Love: the cure for what hates you
You have heard it said, “Holding onto anger is like swallowing poison and expecting the other person to die”. This anonymous quote has been attributed to many men and women, from the Buddha, to Anne Lamott, to various leaders of the 12-step program. It seems to resonate universally with our shared experience.
How do we learn to let go of hate? What causes us to hold onto it in the first place, even though something deep within us knows that it is, in fact, toxic to our life? What makes us believe in hate, and the false idea of vengeful restitution? And how, how oh Lord, can we move beyond it, how can we cure hate?
These questions have particularly troubled me — and many people of faith, like you — over these past weeks and months, as conversations about differences have turned into vitriol among even those who profess faith in Jesus the Christ. It is mighty tempting, I’ll admit: there is even some Biblical precedent for it, as Jesus himself points out in today’s Gospel.
Jesus quotes from the early laws in Exodus, rules intent upon assigning equal value for restitution of injury. These laws included such ideas as capital punishment for striking one’s parents (ok, I guess I can see that), and not charging interest (hmm, guess we forgot that one). It also calls for releasing slaves to freedom in repayment for causing them to lose a tooth or an eye (it’s a start).
Matthew’s Gospel misquotes the Bible, though, when it comes to the bit about “hating your enemy”. Those actual words — along with “God helps those who help themselves” — appear nowhere in Scripture. The real quote can be found in today’s reading from the 19th Chapter of Leviticus, as God tells Moses to “love your neighbor as yourself”. The book of Leviticus creates the very center – the “heart” – of the Torah, the Pentateuch, or Five Books most important for the Jewish people. Much of these writings restate Moses’ “Ten Commandments” (in reverse order); today’s portion concerns itself primarily with living in right relationship with others. God is telling us to live as a loving community.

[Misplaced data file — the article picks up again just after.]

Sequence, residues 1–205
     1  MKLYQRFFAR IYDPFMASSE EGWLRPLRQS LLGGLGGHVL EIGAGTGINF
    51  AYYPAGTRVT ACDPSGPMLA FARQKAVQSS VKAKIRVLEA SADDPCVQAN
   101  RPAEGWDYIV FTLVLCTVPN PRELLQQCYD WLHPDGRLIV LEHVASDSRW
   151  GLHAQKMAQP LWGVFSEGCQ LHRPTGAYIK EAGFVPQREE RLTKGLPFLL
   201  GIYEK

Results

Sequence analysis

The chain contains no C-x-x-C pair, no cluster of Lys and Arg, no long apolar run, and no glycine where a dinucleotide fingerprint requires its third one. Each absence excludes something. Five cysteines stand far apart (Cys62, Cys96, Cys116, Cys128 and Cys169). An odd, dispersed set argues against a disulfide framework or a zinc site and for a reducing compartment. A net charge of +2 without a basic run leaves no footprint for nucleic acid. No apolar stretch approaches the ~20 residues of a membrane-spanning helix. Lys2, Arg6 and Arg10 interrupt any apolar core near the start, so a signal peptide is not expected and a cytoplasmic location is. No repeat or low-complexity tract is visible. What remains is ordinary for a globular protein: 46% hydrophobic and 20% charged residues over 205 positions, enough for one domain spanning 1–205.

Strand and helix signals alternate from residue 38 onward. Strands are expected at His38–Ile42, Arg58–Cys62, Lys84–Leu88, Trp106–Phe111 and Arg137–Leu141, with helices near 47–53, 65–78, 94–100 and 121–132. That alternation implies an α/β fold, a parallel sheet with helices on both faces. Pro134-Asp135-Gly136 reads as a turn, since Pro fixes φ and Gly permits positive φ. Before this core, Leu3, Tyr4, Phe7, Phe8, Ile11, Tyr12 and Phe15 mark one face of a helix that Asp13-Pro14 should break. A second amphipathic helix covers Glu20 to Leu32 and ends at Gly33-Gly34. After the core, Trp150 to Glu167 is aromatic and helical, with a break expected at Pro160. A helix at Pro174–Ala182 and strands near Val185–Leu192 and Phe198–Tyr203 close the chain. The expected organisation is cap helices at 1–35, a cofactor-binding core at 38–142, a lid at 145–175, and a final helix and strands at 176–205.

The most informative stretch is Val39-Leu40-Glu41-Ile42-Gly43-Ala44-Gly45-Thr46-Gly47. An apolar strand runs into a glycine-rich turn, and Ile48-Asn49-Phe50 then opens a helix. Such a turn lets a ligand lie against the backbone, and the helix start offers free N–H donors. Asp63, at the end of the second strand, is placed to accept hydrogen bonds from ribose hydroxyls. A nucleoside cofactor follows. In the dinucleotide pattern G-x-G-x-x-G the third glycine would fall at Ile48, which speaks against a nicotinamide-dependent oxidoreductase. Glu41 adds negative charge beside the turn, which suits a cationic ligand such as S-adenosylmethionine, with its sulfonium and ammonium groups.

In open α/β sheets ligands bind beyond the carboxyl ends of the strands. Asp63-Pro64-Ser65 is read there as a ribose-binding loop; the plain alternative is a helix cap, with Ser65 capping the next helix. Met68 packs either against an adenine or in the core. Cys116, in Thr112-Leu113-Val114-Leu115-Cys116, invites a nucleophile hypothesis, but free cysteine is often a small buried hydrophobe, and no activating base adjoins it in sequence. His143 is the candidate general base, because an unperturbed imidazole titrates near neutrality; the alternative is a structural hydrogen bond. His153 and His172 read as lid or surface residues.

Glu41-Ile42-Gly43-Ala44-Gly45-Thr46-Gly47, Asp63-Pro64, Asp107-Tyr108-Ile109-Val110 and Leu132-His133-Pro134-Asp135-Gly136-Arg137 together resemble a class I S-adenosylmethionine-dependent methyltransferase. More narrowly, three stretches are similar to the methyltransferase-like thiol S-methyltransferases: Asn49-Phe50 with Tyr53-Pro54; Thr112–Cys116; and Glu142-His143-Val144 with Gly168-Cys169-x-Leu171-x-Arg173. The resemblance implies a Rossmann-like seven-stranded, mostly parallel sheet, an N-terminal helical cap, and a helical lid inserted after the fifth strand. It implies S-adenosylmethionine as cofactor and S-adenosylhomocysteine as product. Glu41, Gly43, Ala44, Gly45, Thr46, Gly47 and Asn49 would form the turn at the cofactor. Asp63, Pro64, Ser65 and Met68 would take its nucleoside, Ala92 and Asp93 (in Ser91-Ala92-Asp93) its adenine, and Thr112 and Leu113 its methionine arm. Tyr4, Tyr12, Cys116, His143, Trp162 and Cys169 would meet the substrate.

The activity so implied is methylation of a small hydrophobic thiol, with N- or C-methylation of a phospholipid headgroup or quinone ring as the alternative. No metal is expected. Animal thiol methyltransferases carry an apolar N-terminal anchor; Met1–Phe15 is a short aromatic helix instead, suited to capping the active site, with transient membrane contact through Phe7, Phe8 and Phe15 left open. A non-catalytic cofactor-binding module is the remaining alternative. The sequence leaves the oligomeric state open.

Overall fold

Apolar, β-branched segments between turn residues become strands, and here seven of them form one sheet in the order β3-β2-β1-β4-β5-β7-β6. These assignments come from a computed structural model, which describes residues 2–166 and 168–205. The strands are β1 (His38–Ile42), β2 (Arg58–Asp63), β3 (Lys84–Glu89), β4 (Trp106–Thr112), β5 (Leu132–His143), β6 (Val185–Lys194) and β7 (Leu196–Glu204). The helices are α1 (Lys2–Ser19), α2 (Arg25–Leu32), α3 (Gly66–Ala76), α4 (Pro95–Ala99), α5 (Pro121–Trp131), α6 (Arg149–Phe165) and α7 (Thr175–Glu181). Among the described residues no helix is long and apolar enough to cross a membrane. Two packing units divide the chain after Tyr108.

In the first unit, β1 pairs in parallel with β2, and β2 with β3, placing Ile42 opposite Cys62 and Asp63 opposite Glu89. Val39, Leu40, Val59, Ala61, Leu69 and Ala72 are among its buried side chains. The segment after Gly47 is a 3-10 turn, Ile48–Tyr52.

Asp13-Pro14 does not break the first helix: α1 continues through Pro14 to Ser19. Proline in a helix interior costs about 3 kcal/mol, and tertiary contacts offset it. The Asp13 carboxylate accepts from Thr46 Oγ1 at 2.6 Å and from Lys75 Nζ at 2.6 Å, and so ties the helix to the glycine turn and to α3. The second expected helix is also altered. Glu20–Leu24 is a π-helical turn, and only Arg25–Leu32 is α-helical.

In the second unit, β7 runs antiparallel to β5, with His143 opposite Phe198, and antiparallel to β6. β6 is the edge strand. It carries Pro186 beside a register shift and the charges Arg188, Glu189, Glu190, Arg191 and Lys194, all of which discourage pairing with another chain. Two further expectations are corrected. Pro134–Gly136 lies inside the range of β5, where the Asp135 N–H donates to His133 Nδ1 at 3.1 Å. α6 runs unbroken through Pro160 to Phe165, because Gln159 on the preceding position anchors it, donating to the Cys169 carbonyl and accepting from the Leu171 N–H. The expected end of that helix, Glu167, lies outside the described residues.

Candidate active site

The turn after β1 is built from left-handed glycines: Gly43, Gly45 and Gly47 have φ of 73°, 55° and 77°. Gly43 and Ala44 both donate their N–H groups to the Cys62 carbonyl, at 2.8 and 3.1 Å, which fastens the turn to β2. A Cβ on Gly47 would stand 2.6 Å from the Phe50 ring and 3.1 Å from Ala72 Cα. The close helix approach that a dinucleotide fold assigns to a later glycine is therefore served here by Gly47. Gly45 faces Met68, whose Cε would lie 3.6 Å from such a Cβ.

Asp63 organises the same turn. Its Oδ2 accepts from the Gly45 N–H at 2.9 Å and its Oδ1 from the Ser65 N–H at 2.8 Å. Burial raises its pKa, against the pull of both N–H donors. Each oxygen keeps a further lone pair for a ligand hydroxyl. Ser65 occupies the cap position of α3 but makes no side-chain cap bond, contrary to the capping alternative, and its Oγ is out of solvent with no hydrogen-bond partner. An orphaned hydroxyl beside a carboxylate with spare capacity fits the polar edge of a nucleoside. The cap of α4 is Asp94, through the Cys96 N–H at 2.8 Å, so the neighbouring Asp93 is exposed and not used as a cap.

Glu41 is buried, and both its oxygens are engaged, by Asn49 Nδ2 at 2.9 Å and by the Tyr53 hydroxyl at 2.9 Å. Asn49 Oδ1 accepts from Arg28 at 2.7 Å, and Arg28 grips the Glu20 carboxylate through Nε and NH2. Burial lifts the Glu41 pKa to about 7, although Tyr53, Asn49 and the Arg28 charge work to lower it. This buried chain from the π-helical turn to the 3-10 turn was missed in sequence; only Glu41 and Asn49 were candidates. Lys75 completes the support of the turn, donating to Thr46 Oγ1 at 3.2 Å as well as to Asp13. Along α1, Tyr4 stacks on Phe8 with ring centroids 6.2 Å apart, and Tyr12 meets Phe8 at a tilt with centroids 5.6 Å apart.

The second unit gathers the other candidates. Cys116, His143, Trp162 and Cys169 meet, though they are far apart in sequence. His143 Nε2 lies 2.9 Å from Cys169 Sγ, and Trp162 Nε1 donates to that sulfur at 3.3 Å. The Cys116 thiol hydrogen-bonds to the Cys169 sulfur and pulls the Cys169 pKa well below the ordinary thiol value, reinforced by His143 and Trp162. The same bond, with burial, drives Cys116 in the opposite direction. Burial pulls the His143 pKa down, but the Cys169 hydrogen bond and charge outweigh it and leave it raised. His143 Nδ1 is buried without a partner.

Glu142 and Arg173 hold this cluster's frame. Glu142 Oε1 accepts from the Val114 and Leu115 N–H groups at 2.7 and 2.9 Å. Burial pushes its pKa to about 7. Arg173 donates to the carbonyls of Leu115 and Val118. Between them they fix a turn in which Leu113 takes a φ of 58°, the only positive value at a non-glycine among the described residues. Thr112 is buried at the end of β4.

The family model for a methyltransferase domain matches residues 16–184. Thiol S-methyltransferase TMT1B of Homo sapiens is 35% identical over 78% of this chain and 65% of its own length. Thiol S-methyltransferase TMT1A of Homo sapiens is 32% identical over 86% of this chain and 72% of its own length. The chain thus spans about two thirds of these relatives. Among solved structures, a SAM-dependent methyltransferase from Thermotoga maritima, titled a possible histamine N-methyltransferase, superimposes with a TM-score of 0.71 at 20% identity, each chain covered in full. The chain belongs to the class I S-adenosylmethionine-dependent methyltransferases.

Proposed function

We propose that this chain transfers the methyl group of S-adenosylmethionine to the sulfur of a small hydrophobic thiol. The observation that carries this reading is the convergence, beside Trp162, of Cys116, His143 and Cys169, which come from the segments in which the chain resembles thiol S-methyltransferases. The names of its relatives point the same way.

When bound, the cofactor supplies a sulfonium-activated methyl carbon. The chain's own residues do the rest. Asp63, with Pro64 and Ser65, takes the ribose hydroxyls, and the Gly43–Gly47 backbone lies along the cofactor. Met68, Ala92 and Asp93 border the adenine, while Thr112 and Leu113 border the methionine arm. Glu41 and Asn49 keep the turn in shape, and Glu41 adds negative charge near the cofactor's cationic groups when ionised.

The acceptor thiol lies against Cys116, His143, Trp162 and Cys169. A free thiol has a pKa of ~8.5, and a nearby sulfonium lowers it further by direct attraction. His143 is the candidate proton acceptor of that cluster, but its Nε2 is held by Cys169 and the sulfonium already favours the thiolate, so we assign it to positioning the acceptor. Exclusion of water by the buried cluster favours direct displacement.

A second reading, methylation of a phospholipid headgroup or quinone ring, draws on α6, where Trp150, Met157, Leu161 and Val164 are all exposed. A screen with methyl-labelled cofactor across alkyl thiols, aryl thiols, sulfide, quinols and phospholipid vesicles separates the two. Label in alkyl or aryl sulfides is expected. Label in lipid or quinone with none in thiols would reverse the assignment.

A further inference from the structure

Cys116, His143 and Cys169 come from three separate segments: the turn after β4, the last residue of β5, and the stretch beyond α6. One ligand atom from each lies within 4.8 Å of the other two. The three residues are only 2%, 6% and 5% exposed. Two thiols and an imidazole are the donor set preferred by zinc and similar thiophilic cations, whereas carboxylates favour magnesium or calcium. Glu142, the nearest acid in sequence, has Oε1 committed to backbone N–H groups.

Jesus takes this theology even further, applying it not only to those whom we call “neighbor”, but also to those whom we perceive as our “enemies”. Now, hold on a minute! That’s another matter! It’s one thing to be loving to those who may look, sound, act, even think like us, but it’s quite another matter to extend respect, dignity, and kindness to those who are different.
It strikes me as interesting that, in the notion of “equal restitution”, there are some unexamined inequalities. One obvious example was the practice of keeping slaves: those human beings were certainly not considered equal, were they? Other vulnerable groups, like those who are poor or without homes – both then and now – do we treat them as “equals”? For that matter, do we think of ourselves as “equal” to those who are rich and powerful? And all equally loved?
God’s divine speech in Leviticus contains this equation: Love your neighbor as yourself. How well do we love ourselves? As Christians, perhaps especially as Episcopalians (some of us ex-Catholics), I’ve observed that sometimes we suffer from a mistaken idea of “humility”. If you don’t believe me, try and give someone a compliment today, and see how uncomfortable things can get! “No, no, not me!”, may be the response. Or thank someone and hear, “Not at all, please don’t thank me.” The Apostle Paul addresses this issue as well, reminding people that they are God’s temple, that they are so special, so beloved, that God dwells in them! How much of our hate, our resentment, the grudges that we bear come from our own inability to deeply believe that we are precious, beloved children of God?